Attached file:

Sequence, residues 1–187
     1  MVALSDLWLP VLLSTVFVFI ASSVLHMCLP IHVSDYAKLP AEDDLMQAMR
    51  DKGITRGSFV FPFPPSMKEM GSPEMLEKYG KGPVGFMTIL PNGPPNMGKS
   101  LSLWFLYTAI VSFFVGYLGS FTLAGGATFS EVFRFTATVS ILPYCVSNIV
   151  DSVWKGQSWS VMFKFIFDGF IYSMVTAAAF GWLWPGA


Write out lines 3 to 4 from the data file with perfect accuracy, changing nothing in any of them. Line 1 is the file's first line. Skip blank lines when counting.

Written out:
    51  DKGITRGSFV FPFPPSMKEM GSPEMLEKYG KGPVGFMTIL PNGPPNMGKS
   101  LSLWFLYTAI VSFFVGYLGS FTLAGGATFS EVFRFTATVS ILPYCVSNIV